The remaining chapters focus on Félix-Brasdefer’s data. Chapter 3, “Cross-cultural service encounters: negotiating service in the United States and Mexico”, compares service encounters in supermarket delicatessens in the United States and Mexico via independent variables such as customer and server gender and dependent variables such as the presence or absence of greetings and relational talk, the type and duration of closing sequences, forms of address, and internal modification to soften requests. As in all of the author’s analyses for the current book, the ones in this chapter presuppose a community of practice in place at each of the data collection sites, and pragmatic variation is examined at the actional, interactional, and organizational levels.

Chapter 4, “Intra-lingual pragmatic variation in service encounters”, examines service encounters conducted in two regional varieties of American English and two regional varieties of Mexican Spanish. Gender of both the customer and vendor was found to have an effect on request variants in all four of the settings. In a similar vein, Chapter 5, “Negotiating service in Mexican markets”, calls on speech accommodation theory to account for, among other phenomena, different types of request formulae used by men and women with servers of the opposite gender.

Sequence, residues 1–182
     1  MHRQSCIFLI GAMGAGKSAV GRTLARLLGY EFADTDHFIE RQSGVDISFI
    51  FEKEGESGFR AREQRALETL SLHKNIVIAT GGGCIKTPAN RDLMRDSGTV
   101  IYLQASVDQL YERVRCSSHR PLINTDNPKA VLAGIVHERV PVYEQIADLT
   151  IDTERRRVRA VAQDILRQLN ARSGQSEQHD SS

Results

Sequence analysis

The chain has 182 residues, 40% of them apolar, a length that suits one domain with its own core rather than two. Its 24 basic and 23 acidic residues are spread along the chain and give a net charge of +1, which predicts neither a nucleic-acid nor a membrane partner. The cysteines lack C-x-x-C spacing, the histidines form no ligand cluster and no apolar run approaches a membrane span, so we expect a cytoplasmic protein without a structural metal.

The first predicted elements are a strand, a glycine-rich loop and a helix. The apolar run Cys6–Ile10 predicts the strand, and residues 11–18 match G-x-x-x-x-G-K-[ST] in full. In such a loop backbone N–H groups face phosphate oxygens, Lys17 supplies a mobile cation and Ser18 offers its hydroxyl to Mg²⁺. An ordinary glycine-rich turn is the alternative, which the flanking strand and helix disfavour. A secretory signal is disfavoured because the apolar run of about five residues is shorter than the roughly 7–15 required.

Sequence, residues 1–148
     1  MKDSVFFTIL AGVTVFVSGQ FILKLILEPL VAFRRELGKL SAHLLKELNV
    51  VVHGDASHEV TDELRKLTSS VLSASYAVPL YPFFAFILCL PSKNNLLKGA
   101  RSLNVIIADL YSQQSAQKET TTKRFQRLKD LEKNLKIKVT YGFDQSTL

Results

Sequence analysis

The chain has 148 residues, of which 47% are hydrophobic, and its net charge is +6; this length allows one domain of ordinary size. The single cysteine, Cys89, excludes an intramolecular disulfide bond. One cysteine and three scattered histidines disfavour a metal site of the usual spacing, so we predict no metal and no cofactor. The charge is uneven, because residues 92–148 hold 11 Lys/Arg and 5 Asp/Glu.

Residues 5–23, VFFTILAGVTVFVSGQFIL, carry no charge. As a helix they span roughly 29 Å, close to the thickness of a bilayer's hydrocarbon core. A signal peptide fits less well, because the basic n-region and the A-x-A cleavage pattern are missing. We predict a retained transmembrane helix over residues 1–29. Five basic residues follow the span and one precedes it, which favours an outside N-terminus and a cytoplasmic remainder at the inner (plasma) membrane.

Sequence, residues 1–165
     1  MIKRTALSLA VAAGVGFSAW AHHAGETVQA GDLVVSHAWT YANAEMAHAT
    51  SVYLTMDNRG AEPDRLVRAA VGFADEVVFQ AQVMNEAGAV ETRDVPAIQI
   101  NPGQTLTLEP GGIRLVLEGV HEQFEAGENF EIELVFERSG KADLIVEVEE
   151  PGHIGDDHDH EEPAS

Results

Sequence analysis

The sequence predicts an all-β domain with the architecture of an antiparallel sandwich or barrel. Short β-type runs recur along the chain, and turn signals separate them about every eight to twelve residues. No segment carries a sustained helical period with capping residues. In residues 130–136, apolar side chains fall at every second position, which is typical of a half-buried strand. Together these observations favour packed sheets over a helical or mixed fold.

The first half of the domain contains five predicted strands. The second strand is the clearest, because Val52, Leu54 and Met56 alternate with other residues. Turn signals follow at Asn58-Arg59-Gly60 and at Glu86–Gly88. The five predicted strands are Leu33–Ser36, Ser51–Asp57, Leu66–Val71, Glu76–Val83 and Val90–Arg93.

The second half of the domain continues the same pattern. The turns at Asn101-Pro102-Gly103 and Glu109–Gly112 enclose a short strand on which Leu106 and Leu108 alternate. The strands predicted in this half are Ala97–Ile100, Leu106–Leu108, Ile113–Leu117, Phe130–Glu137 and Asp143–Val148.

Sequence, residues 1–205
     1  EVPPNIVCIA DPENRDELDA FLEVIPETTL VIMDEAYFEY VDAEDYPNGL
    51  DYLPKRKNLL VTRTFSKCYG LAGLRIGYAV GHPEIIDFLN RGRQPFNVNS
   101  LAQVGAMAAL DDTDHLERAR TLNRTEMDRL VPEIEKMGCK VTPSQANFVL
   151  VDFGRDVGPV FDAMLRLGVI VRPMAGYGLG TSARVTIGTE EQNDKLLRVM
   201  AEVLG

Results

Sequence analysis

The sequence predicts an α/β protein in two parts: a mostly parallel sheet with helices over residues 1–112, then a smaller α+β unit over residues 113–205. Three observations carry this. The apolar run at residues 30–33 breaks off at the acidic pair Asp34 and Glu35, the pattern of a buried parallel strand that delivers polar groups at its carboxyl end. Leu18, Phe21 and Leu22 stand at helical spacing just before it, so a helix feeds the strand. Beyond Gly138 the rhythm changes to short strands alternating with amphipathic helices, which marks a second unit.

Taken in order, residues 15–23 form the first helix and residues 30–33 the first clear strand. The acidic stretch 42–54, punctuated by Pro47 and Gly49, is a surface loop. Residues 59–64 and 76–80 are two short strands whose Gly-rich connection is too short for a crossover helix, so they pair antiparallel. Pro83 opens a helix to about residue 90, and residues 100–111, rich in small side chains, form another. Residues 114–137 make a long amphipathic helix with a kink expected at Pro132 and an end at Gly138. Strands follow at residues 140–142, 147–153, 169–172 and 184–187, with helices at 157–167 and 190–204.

In Chapter 6, “Intracultural service encounters at a US visitor information center”, the focus shifts to non-commercial service encounters, wherein the transaction is an exchange of information rather than goods or products. The encounters in this subsection of the corpus were conducted in English by native speakers of English, although not everyone was a speaker of the same variety. The lack of ambient noise in comparison to other settings in which data was collected made it possible to examine “prosodic resources […] especially low and rising terminals (pitch), duration, and loudness of the request” (p. 181).

Chapter 7, “Relational talk and the negotiation of face in service encounters”, offers an in-depth view of non-transactional talk, using data from two corpus subsections within the U.S. data, one commercial (a delicatessen) and one non-commercial (the campus visitor information center). The author makes the point that relational talk can be most thoroughly analyzed “at the discourse level (e.g. interactional and organizational), rather than through an investigation of isolated speech acts (e.g. a request, a greeting, an apology)” (p. 202). Although relational talk may occur in discrete turns, it is also found mixed in with transactional talk, “(e.g. off-topic comments often combined with transaction-related information)” (p. 203).